Published Online: 15 SEP 2006
Copyright © 2006 Wiley-VCH Verlag GmbH & Co. KGaA
Encyclopedia of Molecular Cell Biology and Molecular Medicine
How to Cite
Yon, J. M. 2006. Aggregation, Protein. Encyclopedia of Molecular Cell Biology and Molecular Medicine. .
- Published Online: 15 SEP 2006
Protein misfolding and aggregation are frequent phenomena that occur under different conditions in vivo as well as in vitro. Aggregation is a serious problem affecting both the production of proteins in the biotechnology and pharmaceutical industries and human health. The aggregates are formed from nonnative proteins through intermolecular interactions that compete with intramolecular interactions. There is thus a kinetic competition between proper folding and misfolding, which can generate aggregates.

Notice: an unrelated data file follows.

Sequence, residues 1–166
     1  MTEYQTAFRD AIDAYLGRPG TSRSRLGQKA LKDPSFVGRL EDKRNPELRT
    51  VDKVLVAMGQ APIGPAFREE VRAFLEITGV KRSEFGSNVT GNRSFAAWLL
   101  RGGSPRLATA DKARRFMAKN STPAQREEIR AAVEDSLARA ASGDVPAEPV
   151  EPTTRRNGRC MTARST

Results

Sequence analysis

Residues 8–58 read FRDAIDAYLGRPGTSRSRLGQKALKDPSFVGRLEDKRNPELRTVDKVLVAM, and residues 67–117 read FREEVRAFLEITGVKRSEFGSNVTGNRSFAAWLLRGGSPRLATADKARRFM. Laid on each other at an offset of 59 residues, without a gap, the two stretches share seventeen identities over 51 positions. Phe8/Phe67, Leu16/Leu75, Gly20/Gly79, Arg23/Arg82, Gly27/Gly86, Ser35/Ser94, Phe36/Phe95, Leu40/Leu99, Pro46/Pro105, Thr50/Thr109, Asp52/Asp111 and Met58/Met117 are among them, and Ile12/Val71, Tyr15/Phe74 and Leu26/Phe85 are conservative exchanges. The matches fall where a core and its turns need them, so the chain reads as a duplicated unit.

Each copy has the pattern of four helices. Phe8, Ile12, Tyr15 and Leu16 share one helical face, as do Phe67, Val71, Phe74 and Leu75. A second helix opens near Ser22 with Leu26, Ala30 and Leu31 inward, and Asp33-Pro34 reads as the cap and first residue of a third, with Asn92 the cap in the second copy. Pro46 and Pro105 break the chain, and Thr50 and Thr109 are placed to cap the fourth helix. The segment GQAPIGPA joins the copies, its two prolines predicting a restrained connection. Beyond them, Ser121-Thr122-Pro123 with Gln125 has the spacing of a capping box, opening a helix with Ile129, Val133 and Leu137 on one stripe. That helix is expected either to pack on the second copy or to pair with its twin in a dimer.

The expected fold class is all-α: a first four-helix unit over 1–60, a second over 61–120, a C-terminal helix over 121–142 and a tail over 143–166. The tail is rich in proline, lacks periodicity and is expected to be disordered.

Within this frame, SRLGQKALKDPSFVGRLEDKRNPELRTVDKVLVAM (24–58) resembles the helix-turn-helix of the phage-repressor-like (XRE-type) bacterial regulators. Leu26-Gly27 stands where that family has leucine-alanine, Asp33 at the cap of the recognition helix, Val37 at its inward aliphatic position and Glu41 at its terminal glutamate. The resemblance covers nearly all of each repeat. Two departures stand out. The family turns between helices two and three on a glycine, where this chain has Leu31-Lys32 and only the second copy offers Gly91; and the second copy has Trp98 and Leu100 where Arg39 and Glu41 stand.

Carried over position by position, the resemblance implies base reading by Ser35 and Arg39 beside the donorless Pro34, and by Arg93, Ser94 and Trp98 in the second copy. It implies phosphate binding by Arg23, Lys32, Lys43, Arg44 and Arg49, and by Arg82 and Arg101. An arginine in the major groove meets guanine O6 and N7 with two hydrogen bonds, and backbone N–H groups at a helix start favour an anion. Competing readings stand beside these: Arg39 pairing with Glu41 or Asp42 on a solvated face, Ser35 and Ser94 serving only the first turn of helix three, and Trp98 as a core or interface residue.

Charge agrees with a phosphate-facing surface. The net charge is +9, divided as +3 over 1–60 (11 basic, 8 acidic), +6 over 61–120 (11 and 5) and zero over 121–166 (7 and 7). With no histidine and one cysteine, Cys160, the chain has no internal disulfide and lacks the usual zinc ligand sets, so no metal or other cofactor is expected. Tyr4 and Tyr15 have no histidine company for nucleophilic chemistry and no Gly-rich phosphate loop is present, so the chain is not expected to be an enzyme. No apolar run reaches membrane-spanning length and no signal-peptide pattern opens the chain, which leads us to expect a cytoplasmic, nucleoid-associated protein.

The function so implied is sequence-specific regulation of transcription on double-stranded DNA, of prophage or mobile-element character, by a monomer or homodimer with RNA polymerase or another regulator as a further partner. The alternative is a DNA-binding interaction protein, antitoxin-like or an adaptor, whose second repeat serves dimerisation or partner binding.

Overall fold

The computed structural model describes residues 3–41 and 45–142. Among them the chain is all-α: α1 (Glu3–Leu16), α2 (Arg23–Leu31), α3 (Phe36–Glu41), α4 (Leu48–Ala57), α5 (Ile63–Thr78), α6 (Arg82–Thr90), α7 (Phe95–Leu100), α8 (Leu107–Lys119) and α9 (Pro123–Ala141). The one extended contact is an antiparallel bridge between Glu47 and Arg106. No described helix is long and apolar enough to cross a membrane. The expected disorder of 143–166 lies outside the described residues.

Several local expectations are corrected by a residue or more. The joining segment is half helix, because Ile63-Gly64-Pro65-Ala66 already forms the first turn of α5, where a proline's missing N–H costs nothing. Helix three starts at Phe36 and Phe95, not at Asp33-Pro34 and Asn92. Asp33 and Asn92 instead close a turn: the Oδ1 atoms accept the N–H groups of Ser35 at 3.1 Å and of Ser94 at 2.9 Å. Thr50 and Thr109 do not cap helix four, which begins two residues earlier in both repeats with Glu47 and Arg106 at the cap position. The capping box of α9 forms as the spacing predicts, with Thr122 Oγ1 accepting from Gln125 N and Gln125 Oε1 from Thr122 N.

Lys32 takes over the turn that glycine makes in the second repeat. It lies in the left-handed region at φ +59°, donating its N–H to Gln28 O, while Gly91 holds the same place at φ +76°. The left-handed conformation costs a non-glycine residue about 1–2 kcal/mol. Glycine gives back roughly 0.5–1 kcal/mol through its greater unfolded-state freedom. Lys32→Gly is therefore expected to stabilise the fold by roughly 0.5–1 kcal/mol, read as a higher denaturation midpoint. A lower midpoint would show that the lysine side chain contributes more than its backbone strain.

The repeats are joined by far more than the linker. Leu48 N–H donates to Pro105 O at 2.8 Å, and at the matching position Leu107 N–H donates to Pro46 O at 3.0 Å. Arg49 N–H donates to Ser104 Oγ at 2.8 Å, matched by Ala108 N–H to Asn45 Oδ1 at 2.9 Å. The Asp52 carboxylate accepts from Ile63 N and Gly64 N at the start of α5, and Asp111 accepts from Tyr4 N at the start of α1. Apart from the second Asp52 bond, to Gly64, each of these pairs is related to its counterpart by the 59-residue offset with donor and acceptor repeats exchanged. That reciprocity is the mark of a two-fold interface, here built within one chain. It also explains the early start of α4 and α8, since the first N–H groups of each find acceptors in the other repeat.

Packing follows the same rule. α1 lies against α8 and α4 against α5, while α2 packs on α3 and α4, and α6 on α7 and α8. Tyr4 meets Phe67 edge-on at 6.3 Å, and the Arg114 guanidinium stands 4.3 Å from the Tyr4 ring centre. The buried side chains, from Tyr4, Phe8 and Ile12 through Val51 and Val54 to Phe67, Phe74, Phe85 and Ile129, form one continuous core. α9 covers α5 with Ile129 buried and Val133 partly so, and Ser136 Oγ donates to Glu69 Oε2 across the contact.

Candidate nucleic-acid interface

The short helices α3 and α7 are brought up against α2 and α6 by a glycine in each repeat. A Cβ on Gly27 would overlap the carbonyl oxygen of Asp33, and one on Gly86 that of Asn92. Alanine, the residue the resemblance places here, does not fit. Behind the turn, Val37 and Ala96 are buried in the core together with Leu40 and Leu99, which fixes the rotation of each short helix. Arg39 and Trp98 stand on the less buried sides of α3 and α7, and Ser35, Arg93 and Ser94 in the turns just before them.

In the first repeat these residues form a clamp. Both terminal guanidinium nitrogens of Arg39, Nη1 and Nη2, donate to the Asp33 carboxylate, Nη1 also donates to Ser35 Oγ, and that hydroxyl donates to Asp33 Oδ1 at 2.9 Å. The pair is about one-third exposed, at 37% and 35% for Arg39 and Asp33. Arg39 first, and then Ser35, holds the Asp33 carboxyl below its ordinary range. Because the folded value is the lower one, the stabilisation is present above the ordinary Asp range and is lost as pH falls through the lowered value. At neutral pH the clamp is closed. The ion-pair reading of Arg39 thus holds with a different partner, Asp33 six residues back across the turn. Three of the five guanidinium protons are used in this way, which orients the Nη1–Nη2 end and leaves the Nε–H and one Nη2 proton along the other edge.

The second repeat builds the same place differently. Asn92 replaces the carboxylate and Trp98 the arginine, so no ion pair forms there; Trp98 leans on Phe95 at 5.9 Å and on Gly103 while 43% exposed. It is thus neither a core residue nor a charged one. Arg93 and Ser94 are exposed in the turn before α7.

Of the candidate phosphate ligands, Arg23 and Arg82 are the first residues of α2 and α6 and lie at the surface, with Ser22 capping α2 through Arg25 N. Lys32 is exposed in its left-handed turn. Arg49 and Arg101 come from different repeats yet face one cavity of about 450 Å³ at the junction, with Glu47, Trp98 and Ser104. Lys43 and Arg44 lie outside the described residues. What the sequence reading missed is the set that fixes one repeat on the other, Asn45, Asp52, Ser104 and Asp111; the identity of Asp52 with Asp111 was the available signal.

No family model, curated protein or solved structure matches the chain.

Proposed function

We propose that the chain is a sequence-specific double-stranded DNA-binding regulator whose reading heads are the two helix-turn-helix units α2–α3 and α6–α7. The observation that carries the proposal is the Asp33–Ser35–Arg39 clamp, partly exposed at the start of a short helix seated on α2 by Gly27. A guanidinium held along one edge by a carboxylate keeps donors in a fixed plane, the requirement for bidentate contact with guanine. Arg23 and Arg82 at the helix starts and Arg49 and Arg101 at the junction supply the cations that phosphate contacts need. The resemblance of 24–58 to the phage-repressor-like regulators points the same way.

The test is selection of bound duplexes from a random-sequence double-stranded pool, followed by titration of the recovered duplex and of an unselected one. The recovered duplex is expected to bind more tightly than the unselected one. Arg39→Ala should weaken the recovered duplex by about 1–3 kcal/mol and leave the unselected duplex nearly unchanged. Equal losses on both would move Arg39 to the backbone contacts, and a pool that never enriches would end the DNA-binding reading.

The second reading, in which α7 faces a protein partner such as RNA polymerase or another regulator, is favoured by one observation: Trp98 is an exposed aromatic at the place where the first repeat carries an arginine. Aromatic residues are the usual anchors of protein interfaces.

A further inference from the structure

Recent evidence for transient association of intermediates during in vitro refolding has been obtained for several monomeric proteins. Irreversible and insoluble aggregates are formed in an off-pathway folding process; their formation is concentration dependent and could be prevented by using very small protein concentrations. These aggregates can dissociate and dissolve only in the presence of high concentrations of denaturant. The mechanisms involved in these aggregation processes will be discussed in light of the so-called new view of protein folding.
The environmental conditions within cells are markedly different from those used in in vitro refolding studies. In the production of recombinant proteins in foreign hosts, the formation of disordered aggregates, that is, inclusion bodies, is often observed. However, aggregation can also result in the formation of amyloid fibrils, which are ordered aggregates. These amyloid formations are at the origin of serious diseases.
- Amyloid Fibrils;
- Inclusion Bodies;
- Molecular Chaperones;
- Protein Folding;
- Three dimensional–Domain Swapping